Subsistence and Commercial Activities. Prior to 1862, Easter Islanders subsisted mainly on cultivated crops, with sweet potatoes being the most important. Taro, yams, sugarcane, bananas, gourds, turmeric, and arrowroot were also grown while berries and seabird eggs were gathered. Fish provided some protein, although fishing was never a major Subsistence activity. Easter Islanders continue to farm small plots today, although maize is now the major crop and Chilean cuisine has replaced the native diet. Since the introduction of sheep ranching, sheep and cattle on the island have been the primary sources of meat. Most material goods are now obtained from the store on the island and from the Chilean government. In addition to farming and fishing, Easter Islanders now work for the government, in a few small businesses, and in the tourist industry.
Industrial Arts. Easter Islanders were highly skilled stone-cutters and stone-carvers, masons, woodcutters, and canoe makers. Today, some carve wood images for the tourist trade. The stone-carving tradition had already been abandoned at the time of contact, though the large stone statues survived and drew the attention of visitors to the island. Easter Islanders also made various utensils, implements, and tools from stone and wood, baskets, nets, mats, cordage, tapa (a cloth made from bark), and body ornaments.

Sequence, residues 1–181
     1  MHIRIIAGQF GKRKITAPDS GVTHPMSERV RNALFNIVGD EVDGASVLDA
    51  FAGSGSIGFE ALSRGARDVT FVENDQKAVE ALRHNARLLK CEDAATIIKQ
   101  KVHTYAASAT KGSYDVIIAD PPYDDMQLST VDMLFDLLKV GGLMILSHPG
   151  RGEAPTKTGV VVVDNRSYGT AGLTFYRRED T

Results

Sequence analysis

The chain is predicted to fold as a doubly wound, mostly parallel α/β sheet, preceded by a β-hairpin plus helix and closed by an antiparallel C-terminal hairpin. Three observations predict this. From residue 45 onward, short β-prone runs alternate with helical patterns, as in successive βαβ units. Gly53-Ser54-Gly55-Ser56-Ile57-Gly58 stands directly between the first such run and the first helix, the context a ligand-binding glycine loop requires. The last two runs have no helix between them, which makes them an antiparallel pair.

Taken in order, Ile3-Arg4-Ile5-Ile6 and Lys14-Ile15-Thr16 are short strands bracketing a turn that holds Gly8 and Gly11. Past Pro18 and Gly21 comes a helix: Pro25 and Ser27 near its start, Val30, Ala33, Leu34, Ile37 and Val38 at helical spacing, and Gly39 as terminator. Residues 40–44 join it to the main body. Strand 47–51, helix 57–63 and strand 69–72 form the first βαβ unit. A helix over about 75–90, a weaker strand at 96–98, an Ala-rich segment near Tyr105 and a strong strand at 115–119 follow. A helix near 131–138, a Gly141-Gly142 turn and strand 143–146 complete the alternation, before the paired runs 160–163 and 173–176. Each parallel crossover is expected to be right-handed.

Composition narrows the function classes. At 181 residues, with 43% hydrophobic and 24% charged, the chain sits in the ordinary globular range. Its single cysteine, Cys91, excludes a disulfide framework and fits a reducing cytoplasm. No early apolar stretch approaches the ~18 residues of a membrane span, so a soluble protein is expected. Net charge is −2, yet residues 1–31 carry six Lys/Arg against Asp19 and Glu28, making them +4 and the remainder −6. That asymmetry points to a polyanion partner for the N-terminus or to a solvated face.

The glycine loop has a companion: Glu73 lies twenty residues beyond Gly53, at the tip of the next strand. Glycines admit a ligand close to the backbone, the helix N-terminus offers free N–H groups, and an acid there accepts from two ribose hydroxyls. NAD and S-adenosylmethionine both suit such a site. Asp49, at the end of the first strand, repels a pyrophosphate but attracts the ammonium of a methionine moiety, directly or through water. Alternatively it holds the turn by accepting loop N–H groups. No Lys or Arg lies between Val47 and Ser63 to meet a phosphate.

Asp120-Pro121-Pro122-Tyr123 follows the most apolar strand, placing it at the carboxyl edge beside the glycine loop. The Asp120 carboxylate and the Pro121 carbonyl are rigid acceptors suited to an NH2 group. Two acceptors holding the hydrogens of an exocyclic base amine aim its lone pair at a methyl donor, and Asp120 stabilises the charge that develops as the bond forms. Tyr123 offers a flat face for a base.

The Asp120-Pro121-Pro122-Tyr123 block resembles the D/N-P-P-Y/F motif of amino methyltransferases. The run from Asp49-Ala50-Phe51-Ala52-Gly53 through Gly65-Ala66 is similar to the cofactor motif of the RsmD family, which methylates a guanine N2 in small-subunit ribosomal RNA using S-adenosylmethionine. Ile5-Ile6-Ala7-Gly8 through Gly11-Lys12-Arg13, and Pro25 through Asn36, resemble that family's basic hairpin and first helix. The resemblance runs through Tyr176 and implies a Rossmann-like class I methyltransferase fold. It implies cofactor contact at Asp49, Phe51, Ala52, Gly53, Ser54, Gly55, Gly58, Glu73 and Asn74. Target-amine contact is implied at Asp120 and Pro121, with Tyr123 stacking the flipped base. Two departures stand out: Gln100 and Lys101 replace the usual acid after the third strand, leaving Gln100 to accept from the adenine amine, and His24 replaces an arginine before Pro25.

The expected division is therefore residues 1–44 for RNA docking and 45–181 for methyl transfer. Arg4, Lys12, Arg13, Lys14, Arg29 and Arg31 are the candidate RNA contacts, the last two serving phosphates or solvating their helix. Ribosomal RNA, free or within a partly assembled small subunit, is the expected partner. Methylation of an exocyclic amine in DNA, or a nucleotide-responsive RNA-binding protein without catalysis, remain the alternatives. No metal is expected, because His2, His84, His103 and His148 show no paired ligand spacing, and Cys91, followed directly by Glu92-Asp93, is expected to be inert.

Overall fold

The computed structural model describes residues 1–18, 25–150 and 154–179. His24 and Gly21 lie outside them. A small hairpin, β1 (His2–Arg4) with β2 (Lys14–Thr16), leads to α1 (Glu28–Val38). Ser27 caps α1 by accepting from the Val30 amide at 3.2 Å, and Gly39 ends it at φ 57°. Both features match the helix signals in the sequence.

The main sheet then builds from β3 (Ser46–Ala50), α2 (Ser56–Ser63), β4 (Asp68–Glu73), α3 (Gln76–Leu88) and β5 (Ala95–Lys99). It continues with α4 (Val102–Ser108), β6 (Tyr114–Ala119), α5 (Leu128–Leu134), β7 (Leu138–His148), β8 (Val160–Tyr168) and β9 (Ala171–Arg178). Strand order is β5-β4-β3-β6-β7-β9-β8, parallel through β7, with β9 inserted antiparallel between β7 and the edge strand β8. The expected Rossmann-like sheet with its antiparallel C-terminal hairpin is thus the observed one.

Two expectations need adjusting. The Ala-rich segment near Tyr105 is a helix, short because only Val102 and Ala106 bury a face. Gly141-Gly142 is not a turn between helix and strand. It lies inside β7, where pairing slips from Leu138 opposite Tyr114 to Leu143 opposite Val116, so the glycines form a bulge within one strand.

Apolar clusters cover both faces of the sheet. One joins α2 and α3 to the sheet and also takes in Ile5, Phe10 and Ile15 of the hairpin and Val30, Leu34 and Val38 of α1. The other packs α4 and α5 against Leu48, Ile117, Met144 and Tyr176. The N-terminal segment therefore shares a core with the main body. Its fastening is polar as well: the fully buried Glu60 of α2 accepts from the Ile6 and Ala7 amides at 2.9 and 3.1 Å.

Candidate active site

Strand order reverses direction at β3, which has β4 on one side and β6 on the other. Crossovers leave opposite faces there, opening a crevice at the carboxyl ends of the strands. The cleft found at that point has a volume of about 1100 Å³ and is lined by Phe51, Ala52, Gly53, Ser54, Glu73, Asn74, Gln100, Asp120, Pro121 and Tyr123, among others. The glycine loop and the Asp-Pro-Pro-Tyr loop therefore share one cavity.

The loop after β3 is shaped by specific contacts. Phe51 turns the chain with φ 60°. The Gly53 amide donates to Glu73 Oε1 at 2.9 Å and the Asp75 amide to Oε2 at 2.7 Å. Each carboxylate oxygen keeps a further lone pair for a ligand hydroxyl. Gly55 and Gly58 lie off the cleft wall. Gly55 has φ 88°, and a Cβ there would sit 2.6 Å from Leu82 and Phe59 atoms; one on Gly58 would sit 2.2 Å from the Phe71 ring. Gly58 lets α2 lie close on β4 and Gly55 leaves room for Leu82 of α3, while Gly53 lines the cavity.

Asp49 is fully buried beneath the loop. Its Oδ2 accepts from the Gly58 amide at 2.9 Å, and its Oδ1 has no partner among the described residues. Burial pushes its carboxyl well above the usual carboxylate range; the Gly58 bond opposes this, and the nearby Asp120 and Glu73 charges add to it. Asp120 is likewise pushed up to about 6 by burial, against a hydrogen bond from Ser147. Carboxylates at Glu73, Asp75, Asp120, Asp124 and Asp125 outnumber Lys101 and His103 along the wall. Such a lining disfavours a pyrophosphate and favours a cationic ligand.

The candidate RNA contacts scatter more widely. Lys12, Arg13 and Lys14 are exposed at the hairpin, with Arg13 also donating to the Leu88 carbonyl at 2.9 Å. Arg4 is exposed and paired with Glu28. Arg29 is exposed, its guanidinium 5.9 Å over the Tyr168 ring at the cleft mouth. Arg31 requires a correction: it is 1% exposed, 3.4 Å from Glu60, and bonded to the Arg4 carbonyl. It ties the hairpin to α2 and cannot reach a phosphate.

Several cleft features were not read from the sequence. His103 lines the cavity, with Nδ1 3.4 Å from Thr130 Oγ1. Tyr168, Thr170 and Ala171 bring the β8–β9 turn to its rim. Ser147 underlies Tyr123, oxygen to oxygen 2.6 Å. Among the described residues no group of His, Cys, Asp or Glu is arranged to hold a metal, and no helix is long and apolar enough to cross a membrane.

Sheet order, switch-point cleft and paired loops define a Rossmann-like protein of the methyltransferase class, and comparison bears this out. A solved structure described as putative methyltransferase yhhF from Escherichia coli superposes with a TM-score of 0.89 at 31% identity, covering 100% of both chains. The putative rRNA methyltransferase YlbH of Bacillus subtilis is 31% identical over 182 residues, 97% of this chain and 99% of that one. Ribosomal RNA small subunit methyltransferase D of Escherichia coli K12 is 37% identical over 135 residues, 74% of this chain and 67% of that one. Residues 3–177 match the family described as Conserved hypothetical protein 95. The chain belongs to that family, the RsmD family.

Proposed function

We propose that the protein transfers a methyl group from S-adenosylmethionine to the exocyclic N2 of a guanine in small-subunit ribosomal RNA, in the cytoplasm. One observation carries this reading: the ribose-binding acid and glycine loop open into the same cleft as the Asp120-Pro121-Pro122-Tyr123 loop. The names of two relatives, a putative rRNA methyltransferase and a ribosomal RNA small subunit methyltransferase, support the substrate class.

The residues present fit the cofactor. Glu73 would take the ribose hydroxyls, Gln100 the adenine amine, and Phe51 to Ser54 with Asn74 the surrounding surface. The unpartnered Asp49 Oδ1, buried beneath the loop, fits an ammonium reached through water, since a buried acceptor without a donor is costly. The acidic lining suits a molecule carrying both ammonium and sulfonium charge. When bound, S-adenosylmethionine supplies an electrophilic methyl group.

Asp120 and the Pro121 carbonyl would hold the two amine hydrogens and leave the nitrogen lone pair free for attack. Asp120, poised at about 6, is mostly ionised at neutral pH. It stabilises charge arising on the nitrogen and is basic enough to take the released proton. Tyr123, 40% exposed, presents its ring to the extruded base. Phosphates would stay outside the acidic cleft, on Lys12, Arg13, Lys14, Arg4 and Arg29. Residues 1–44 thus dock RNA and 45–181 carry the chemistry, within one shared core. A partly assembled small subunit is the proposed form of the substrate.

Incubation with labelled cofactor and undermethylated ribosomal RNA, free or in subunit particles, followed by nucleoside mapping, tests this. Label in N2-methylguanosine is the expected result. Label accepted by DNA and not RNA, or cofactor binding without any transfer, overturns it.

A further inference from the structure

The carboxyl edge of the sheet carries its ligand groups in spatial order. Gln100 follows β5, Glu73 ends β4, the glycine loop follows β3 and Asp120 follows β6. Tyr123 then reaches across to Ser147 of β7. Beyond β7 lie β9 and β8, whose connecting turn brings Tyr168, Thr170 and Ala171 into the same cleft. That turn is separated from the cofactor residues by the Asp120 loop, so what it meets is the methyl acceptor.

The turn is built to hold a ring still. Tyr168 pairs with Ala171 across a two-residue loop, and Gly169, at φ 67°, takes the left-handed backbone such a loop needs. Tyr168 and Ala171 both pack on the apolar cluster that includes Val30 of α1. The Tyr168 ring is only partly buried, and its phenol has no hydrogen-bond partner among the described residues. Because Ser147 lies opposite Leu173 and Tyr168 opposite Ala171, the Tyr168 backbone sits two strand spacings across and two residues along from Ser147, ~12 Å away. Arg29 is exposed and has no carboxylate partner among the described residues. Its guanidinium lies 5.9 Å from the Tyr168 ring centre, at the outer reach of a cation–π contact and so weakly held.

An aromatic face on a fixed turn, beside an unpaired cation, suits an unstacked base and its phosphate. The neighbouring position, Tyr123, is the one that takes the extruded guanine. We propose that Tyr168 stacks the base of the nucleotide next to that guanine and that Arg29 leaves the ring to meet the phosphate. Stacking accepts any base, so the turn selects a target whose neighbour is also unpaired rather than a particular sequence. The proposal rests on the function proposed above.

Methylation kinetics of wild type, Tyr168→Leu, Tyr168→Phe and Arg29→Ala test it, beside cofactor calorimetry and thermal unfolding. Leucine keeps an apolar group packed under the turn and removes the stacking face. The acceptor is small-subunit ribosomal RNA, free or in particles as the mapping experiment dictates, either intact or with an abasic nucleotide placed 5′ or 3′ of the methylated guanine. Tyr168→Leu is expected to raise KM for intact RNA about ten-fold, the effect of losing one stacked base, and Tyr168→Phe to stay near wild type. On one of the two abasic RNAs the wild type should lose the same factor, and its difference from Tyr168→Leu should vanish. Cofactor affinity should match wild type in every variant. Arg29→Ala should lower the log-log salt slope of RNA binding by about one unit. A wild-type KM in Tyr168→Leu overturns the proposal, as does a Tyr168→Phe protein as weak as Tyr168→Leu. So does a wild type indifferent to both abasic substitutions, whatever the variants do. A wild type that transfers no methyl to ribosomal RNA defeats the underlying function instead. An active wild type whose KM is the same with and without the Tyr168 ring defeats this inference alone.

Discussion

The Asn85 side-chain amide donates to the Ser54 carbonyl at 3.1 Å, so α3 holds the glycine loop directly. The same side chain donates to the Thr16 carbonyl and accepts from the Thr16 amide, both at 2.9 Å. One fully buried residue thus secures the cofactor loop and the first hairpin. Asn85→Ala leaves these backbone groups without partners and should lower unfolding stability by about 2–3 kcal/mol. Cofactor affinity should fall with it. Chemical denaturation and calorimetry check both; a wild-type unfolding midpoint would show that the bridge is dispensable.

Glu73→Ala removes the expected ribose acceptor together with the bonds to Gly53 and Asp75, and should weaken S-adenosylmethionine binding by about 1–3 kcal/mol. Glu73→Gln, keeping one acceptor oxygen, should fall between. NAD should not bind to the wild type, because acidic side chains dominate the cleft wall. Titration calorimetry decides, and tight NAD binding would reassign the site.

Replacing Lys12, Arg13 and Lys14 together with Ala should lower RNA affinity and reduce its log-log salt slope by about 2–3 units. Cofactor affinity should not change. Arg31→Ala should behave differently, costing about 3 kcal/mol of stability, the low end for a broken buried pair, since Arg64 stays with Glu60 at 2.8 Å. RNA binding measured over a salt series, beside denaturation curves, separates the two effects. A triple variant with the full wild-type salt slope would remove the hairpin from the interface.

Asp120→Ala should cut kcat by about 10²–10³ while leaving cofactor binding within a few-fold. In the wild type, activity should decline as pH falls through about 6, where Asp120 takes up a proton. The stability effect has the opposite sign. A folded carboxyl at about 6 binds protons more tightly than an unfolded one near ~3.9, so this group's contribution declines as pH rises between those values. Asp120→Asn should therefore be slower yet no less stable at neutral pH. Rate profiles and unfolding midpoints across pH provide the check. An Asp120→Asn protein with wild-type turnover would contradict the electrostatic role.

Trade. Because of their isolation, Easter Islanders evidently did not trade with other groups in Polynesia. There has been conjecture that some culture elements developed through contact with South America, most notably the facial images on the stone monuments. These ideas remain unproven.
Division of Labor. Men were responsible for planting the gardens, fishing, and building the stone structures. Women harvested crops and handled most domestic chores. There was also a well-defined occupational hierarchy, with expert reciters of genealogies and folklore, stone-carvers, wood-carvers, and fishermen paid for their services with produce. Stone-carvers were a privileged group with the role and status passed from father to son.
Land Tenure. In traditional times, land was owned by lineages with dwelling and farm plots alloted to families. Since 1888 Chile has maintained ownership of all of Easter Island and has restricted the Easter Islanders to land in and around Hangoroa. Newlyweds are given a few acres of land for their use by the Chilean government.